I think that this book was quite the wild book!... Which was not to mention the best part about it! The characters often times slyly bring up very good points like when Alice asks questions about a certain story that a small dormouse tells at a mad tea party, the March Hare (Who is mad) points out out that she is being rude for asking questions and interrupting, but many people say that asking questions in good because it shows that you are interested, so what is the right thing to do?
This book is DEFINITELY in the fantasy genre because it is set in a bizarre world where amazing and awful things happen, some of the content in not physically possible (which makes it even more curious) This could even be a dream! It is Also a classic because it was written in 1865 and people still read it now! Also, almost everyone know of Alice in Wonderland and several movies (Which were not as good as the book) were made off of it and many different prints and abridged versions of the book have been made. It’s a good example of both genres because for fantasy, all of wonderland is a fantasy, and it’s a good example of classic because, as I said, it has been alive and extremely well known for AGES and the book has been printed SEVERAL times and there have been many movies.
I really did like this book, it was a very great and intriguing plot and was the perfect amount of description, not so much that the reader would get lost and have no part in the imagination, and not so little that the reader had no idea what was going on and where. The emotions were richly described and as I read, I knew how the characters felt, I was with them. Just as a book should be. The nonsense in the book was the best part, it is as if The Author, Lewis Carroll, was just saying “Why Not?” Why wouldn’t this happen, it was great food for thought and I could go on and on discussing the topic with somebody. The one thing that I did not like about the book was the word choice, I wish it was seeded with richer word choice because the book was probably written for young kids, although I think it is good for all children, I just wish that the level of the ideas how I interpret them could have matched up to the words but I understand why it is not like that.
Overall, this book was really good! I think it is appropriate for all children, not adult or teens because teens think they're too good for books like this and adults would probably enjoy it more as a read aloud to their students/kids because it is probably a bit too childish for teens and adults but It is a great book that I recommend unless you are trying to find useful information, that my friends, you will not find here but the pros weigh out the cons and the book should be read by all children!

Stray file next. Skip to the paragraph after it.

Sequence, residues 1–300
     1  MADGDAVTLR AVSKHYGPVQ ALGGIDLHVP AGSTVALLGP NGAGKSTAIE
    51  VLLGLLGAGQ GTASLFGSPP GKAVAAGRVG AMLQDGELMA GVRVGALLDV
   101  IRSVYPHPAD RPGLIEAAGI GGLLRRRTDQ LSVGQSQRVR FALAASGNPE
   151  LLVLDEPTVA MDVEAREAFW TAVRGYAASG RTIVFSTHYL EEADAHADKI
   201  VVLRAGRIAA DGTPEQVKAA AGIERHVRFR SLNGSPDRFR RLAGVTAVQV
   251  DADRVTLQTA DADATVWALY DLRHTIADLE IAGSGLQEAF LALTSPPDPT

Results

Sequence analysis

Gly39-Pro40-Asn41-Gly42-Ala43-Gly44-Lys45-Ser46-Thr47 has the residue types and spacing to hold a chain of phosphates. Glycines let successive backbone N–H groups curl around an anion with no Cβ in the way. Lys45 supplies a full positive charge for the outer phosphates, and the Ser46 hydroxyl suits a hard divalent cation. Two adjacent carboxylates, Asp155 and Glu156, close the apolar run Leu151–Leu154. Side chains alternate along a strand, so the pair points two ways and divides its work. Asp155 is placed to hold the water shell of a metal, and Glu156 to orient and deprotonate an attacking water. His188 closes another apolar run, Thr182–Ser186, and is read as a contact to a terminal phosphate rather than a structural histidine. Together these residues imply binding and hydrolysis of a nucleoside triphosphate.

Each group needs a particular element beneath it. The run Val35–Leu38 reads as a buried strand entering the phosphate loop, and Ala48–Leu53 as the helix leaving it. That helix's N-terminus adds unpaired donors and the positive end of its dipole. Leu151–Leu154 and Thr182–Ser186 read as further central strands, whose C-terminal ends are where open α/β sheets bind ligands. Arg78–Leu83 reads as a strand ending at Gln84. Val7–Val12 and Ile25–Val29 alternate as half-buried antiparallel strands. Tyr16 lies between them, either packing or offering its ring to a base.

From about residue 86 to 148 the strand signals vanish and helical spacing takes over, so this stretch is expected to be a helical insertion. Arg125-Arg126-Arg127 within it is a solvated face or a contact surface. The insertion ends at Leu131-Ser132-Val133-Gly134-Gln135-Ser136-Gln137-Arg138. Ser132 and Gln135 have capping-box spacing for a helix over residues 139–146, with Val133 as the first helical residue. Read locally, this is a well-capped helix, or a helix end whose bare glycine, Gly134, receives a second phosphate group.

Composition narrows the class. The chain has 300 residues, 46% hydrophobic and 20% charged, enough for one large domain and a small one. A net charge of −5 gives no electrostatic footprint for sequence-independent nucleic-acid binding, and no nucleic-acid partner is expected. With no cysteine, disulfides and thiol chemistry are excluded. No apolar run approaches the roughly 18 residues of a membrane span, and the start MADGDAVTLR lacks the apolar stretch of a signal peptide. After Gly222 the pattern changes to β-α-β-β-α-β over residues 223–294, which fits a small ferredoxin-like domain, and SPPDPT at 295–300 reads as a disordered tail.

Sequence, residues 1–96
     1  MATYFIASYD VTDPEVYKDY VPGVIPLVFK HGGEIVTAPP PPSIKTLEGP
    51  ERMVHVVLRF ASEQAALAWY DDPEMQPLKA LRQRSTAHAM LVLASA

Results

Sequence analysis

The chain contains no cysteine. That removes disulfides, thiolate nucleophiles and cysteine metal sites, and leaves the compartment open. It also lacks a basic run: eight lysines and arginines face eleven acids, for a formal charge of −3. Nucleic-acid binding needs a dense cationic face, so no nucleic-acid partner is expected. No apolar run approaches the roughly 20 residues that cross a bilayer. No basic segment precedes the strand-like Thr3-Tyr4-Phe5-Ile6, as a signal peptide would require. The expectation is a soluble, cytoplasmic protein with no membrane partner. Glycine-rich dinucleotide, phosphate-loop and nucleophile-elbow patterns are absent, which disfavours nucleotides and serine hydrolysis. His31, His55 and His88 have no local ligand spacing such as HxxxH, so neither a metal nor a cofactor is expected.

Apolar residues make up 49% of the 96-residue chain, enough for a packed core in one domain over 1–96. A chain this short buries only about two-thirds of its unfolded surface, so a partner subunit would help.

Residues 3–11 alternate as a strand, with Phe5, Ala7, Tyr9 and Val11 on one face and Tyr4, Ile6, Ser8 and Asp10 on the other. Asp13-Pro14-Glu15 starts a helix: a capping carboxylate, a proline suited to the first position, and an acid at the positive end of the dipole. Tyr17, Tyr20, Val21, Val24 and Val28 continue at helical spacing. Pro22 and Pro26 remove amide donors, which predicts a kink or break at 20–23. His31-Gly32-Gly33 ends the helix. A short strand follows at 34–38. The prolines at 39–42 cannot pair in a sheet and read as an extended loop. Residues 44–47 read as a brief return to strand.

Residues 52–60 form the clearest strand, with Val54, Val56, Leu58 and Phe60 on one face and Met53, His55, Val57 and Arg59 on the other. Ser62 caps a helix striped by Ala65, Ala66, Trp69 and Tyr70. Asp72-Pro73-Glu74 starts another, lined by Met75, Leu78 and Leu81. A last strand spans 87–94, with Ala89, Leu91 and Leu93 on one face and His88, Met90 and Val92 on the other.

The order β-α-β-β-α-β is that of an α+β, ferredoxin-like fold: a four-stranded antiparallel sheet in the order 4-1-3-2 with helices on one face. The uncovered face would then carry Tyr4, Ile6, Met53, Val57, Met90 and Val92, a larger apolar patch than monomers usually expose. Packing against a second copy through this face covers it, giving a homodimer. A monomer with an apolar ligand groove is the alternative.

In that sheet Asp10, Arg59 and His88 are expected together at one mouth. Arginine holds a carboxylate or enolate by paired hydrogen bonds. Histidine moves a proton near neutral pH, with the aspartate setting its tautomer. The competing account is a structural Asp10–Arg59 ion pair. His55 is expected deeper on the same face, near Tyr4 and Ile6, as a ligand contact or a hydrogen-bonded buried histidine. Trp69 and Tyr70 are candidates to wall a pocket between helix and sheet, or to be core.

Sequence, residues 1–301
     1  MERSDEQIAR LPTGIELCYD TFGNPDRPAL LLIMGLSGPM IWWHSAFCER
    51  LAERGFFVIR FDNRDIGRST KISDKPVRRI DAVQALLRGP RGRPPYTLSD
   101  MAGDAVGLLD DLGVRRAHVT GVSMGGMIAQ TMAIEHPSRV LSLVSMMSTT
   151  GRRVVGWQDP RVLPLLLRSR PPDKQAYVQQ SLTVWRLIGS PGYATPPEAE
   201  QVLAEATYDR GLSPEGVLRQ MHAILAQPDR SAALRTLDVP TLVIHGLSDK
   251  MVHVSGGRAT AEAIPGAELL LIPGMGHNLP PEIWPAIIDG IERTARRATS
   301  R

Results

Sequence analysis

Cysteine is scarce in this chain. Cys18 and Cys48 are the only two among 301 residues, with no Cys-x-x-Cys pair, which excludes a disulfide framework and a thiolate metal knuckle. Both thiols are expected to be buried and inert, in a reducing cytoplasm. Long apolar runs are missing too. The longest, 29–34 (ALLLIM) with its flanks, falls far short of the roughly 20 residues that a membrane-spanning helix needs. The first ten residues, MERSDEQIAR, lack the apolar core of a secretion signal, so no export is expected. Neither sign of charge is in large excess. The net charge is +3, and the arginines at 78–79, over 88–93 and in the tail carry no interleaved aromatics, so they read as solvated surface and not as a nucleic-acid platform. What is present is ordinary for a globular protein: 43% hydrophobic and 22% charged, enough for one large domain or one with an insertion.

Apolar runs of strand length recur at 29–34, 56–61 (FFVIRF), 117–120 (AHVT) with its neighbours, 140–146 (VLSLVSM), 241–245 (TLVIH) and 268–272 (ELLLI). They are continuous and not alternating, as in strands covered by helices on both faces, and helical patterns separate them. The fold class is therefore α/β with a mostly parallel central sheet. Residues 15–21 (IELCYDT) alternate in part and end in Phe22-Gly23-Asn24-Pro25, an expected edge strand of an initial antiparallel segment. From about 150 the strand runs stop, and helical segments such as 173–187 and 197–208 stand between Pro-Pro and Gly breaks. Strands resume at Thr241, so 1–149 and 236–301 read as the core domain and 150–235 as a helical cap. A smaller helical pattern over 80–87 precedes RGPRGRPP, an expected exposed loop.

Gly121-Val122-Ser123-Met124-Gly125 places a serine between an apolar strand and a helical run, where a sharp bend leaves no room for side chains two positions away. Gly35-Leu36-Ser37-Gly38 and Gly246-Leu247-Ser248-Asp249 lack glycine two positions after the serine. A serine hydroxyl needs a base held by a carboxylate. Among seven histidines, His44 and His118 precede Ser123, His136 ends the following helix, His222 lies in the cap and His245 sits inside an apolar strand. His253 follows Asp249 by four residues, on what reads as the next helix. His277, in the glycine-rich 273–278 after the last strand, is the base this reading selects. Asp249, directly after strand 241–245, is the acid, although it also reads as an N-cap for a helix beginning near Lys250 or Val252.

Fiction - Fantasy, Classics
39
11/15/2012 22:31:58Siying L.Touch BlueCynthia Lord Do you like realistic fiction? If you do, you will love the book “Touch Blue” by Cynthia Lord. The main characters are Tess and Aaron, Tess being an island girl and Aaron a foster child who has bounced from home to home. Tess’s family and some other families on the island are taking in foster children. This is because the state of Maine wants to close the island school, causing the families on the island to move. They do not want this. This book is set on an island of the coast of Maine. I would recommend this book to people age eight to twelve and rate it a four out of five. Fiction - Realistic Fiction
40
11/15/2012 22:40:34Marin S.And Then There Were NoneChristie, AgathaWhat happens when you send ten people to an island, then kill them all? Agatha Christie tells us in, debatably, her best novel ever. Agatha Christie (D.O.B September 15, 1890, D.O.D January 12, 1976) is nicknamed the Duchess of Death because of her adeptness with the murder mystery genre, and “And Then There Were None” just proves that point. In this book, ten very different people are summoned to a mysterious island. That night at dinner, all ten are accused of playing a large part in a murder, and by morning, two people are dead! People continue to die, following a maniacal theme, until there are just a handful are left. Will anyone survive?
“And Then There Were None” is a great book, with intriguing mystery and a clear setting. However, the characters are as flat as a piece of paper until about five of them have died. Then, the problem pretty much alleviates. I would recommend “And Then There Were None” to readers, provided they are prepared for a hard mystery (tip: don’t suspect anyone all the other characters suspect, particularly if it’s obvious) and very flat characters (one character knits through a conversation about who the murderer is). The strengths do outway the weaknesses, although flat characters are a MAJOR problem, capable of ruining a book. As I said, that problem pretty much stops later in the book, and the mystery (the best part) is spectacular throughout the book, especially once the book really digs into the psychological elements of murder. Also, “And Then There Were None” is a very eloquently written book, with exquisite descriptions (much shorter than “Cat of Bubastes”, but good) and the story itself is easy to follow (so a clear storyline with a big piece that Christie doesn’t tell you until the end). Written in the 1940’s, it has become a classic, so this is great for IR’s and book reports. I would recommend “And Then There Were None” to readers over the mental age of 13, because of the creepiness and a little language, but mostly just the complexity of the book. I would also recommend this book to people who love a good mystery but don’t mind not getting attached to characters in their books. Agatha Christie manages an incredibly difficult plot line with the ease, fluidity, and a strong air of mystery. I really liked “And Then There Were None”, and encourage everyone to read at least one Agatha Christie novel.